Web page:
This analysis has been poisoning my life for over a year. Here are some nice charts. Now I can move on.
I’ve been working on this project for way too long. I think I wrote the first line of code on it in November 2017. Well, it is February 2019 now, so… Yeah. Over the course of the year, this hydra has grown many heads. It started simple, but escalated quickly. But I kept going at it because:
- this is a part of a larger project that is still on my list
- I wanted to get this one finished before I move to one of the many other projects I have in mind.
Well, last week I realized I’d had enough. Refactoring has gone wrong, some scripts stopped executing, and I had no patience to fix it. All this with the realization that I’m “shooting sparrows with a cannon” (a Russian expression. Don’t ask):
- I pull raw files from NOAA’s FTP server instead of using
- I use
sfobjects where one center point per location would suffice
- I run predictive modeling to plug a few holes in the data instead of accepting the
NAs as they are.
With a few of my scripts broken, I feel the need to publish some couple of results “as is” and move on to the next thing. (Especially since I’ll be re-writing all this in simpler terms from scratch later anyway). So, without further ado…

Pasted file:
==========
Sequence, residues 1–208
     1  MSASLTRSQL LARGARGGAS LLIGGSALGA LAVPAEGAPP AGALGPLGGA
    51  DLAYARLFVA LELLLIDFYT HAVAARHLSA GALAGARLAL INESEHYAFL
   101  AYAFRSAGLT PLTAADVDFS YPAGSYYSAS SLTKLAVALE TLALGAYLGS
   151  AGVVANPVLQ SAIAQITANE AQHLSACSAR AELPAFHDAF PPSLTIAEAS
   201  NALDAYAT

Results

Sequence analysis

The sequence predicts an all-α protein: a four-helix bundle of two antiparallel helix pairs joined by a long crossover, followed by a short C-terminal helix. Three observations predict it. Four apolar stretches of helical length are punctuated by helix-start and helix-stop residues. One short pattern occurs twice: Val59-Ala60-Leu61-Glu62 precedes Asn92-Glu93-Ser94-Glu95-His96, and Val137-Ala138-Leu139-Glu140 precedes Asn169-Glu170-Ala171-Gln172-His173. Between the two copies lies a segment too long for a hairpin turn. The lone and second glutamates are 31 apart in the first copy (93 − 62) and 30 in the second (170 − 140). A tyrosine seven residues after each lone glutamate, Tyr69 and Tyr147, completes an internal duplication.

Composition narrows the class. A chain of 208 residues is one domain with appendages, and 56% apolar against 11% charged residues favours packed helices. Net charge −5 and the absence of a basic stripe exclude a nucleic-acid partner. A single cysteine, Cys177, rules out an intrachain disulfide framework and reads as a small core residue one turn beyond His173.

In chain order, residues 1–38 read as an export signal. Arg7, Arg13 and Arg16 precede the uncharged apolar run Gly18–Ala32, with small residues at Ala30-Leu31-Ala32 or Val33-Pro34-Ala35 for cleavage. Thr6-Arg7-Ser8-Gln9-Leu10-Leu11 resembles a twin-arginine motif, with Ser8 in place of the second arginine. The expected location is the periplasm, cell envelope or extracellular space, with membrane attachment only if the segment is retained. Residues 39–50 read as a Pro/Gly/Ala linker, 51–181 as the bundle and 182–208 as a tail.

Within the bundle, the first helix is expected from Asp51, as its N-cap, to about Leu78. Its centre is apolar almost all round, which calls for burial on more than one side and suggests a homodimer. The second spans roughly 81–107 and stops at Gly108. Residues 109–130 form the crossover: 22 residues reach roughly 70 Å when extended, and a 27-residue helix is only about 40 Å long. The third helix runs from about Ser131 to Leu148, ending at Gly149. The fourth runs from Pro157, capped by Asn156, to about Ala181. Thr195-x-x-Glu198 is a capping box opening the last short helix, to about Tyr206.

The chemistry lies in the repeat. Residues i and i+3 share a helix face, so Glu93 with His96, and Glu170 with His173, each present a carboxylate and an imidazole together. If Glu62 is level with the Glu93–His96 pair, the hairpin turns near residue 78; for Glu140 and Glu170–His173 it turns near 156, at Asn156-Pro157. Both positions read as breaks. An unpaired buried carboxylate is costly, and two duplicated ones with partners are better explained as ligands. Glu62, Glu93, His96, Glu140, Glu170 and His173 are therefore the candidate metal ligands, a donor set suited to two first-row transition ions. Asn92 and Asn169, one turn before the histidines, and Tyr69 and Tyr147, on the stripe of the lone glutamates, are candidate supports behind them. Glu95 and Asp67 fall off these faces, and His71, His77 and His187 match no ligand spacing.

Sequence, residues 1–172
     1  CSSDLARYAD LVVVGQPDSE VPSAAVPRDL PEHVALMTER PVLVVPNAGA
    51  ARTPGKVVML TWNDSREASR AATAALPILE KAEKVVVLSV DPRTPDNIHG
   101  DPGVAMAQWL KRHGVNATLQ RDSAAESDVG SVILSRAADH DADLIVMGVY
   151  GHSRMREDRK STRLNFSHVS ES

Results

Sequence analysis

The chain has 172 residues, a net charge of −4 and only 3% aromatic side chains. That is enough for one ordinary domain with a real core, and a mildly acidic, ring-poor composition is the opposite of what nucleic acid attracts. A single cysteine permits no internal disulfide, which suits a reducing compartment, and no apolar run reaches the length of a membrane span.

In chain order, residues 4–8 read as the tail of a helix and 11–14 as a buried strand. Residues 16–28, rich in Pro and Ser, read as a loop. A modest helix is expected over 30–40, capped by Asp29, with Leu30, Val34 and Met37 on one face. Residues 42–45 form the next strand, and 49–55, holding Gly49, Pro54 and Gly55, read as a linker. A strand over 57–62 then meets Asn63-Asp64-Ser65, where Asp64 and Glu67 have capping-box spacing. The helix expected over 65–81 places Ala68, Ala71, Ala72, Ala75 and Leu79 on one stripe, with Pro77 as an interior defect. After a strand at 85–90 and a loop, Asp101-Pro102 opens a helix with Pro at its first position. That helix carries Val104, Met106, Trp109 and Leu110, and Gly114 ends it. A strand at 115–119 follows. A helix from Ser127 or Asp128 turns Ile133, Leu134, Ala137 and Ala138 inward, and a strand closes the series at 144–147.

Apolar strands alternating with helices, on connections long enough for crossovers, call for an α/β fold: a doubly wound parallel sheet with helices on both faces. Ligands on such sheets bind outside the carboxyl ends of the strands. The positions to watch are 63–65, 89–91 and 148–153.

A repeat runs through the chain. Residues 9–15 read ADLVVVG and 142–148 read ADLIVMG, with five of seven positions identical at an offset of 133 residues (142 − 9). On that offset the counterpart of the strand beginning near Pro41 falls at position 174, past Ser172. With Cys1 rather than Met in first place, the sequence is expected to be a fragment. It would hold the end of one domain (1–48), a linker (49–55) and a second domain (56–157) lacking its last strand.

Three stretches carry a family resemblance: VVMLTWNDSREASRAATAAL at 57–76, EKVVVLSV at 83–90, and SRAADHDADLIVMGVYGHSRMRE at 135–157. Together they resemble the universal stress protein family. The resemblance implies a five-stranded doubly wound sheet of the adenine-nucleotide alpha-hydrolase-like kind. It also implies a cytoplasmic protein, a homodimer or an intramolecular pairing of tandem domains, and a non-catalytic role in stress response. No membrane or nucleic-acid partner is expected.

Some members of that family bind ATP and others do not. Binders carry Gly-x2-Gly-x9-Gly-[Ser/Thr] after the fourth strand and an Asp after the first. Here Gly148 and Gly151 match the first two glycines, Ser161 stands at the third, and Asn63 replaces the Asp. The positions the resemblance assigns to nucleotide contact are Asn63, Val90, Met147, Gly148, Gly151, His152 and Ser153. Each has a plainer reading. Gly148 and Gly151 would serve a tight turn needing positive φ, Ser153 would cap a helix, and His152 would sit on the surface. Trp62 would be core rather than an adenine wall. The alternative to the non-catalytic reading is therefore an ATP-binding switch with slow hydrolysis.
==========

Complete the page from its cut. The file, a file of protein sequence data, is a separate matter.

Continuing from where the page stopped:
I’ve moved around a bit, and I always think about my next stop. There is a host of factors to consider, and I’ve seen quite a few cool online tools that, for example, help you determine your ideal country based on your political views, preferences and whatnot. But what about a domestic move? With a country as large and diverse as the United States, there are many places here that are quite different from one another.
About a year ago or so, I saw this amazing weather map by Kelly Norton showing the locations by the amount of pleasant days in a year. And it got me thinking: weather is an important factor in determining where to live (growing up in cold Ukraine, and later moving to hot Florida and rainy Seattle, I’m never happy with my weather). What I need is a tool to find the best place to live in the United States! Something like Kelly’s map, but with more factors! Well, that sounds like a project I can do in R.